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LOCAL FLAVOUR Hoi An may be small – but this ancient Vietnamese trading port punches well above its weight on the culinary front. Victoria Stewart tries her hand at rustling up local delicacies

Hoi An fishermen still use these light and agile basket boats



The n贸n l谩, or leaf hat, is a genuine Vietnamese icon

Photograph by Stoksy: Gary Radler


At sunset, big fishing nets are lowered into the Thu Bon river

WHITE SAILS CAFE 134 Tran Cao Van Usefully situated just off one of the main drags, White Sails slightly lacks atmosphere during the day – but its staff are friendly and the delicate fried wontons come crispy and topped with piles of fresh roasted vegetables that work as a substantial snack or a prelude to a main course. Need wifi? Sit outside in the afternoon and watch the street food traders set up opposite.

The fish market sells fresh catches straight from the river

BALE WELL 51 Tran Hung Dao

MERMAID 2 Tran Phu Come to the first restaurant from the unstoppable Ms Vy for the impeccable pork-stuffed squid. One portion of this – thick, chewy and filled to bursting point with rich ground pork and its own sauce – is plenty for two to share. Bike over for an early lunch (it gets crowded) and order this with rice and a plate of local veg sautéed in garlic.


One of the Vietnamese country food staples is the banh xeo (pronounced zeo) pancake – mostly eaten wrapped in a lettuce leaf with salad. It looks a bit like an egg omelette but is actually made with coconut milk, tamarind – lending it its distinct yellow colour – mung bean flour, chilli oil, a tiny piece of pork and a few prawns and stuffed with bean sprouts. Come here for the set menu, all-you-can-eatpancakes, served with barbecued satay pork loin, lettuce and veg, for around 90,000110,000 VND.


Photographs (left) by Glen Allison/Getty and (White Sails and woman at market, right) Victoria Stewart


AM standing in a local market smelling fresh ginger, turmeric and lemongrass. Six of us crush herbs between our fingers, sniff bags of fivespice and wince at the sweet-sourness of a tiny mandarin. Next, we wander into a nearby restaurant to watch a chef pulling noodles through a machine, taste unusually flavoured mustard leaf pickles and crunch just-toasted sesame seeds. Now it is time to put everything we’ve seen into practice – for I am in Vietnam, about to take part in a local cooking class. Perched on the edge of a river, and a brief bike pedal from two sandy beaches, is a little town called Hoi An. Situated near Danang, one of the country’s most important cities, Hoi An is a UNESCO World Heritage Site that last month celebrated its 1.6 millionth tourist visiting. But it is not just the guidebook brigade who come to tick it off their list;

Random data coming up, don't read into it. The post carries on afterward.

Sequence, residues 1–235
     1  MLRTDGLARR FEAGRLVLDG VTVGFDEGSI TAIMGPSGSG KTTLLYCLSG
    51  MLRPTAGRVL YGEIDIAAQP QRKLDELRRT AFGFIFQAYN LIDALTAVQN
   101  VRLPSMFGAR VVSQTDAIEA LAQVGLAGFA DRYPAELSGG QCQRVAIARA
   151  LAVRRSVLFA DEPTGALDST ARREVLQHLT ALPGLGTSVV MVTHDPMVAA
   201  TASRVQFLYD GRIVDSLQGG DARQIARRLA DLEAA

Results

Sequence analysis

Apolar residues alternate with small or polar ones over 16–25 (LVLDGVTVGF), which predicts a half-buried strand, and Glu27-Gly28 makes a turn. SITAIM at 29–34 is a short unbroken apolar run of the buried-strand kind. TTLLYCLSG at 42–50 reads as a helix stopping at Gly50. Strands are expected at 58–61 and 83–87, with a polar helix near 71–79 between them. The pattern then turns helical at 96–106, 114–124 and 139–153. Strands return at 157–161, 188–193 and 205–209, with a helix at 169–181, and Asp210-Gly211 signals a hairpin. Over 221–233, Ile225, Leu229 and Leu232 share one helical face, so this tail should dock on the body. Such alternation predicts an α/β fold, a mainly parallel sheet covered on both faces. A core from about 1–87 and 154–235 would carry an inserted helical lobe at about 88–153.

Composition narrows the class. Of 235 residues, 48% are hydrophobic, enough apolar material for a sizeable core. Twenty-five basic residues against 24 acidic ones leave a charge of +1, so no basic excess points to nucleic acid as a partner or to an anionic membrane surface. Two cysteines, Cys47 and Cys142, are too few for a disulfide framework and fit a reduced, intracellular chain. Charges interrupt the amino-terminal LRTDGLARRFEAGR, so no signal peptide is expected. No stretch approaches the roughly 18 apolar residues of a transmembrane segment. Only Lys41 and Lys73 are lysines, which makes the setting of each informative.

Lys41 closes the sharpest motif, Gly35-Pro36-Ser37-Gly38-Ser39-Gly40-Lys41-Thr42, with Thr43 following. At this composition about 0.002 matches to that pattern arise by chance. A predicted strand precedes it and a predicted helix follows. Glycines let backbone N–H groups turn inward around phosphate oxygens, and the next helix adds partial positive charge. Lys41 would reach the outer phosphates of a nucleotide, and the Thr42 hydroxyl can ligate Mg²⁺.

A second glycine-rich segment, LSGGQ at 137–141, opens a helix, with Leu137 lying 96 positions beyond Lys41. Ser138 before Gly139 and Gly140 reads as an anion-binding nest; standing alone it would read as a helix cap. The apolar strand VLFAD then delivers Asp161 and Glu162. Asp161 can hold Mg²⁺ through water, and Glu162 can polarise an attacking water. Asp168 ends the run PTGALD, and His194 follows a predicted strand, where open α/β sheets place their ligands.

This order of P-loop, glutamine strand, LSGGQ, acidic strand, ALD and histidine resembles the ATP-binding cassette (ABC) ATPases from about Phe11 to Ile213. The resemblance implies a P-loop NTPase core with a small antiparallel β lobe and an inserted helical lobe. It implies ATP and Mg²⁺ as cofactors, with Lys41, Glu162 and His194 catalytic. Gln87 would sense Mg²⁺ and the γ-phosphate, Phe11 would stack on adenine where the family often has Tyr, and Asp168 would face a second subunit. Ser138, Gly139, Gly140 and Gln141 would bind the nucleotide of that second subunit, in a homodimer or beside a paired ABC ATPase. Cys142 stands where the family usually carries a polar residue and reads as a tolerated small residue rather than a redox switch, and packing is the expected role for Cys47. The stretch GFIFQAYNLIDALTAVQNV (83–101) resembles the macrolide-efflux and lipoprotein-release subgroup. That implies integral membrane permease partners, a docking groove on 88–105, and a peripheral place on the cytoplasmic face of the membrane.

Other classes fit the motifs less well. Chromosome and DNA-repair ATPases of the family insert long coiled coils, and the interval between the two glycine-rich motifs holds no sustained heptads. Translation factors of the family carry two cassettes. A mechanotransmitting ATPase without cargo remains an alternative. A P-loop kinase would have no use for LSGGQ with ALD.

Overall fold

Hoi An’s charm attracts everyone from explorers and partygoing backpackers to the most luxurious of tour groups. Some spend time wandering around the quiet old town (motorcycles are banned during the day) visiting textile museums, pagodas or the beautiful Japanese bridge (a $6 coupon grants access to five sights). Some order a custom-fit shirt from one of many outfitters, while others bike into the countryside or take boat trips down the river. Moreover, the town is a food hotspot with Chinese, Indonesian and Arabian influences, and the impressive range of restaurants, street snacks and cooking classes ensures that tourists never go hungry. “Hoi An people never stop eating,” says Caroline Mills, a writer and expat. “Freshness and flavours are king here, and for that you eat at the source – imported goods are shunned in favour of herbs and vegetables picked daily >> at dawn in Tra Que. It is


ABTA No.88888 ABTA No. Y544X



The fish arrives fresh each day and is sold at the market


>> seasonal, organically-farmed produce, free-range meat and fish that has been plucked straight from the ocean.” Special regional dishes include cau lau – a hearty, pork-topped rice noodle treat made using water from a particular well and

Photographs by (top) Gary Radler/Stocksy and (food) Victoria Stewart


served with vegetables – and rose-shaped, shrimpfilled white rose dumplings. Along with these, there is a miscellany of grilled fish and meat, papaya, green mango or banana leaf salads, banh mi (the nationwide word for a baguette-like sandwich filled with pate and pork), and sweet street treats including candied coconut, and exotic fruits. Meanwhile in the kitchen, our teacher Lulu stands at the front under a mirror, carefully describing how to cook our first dish, shrimp and cabbage dumplings in vegetable soup.This class, the brainchild of an astute local restaurant owner called Ms Vy who was keen to share her collection of food memories, was previously held at the back of her Morning Glory restaurant. Last year, she opened a huge premises called The Market Restaurant and Cooking School, where 30-strong groups are split into four-person >>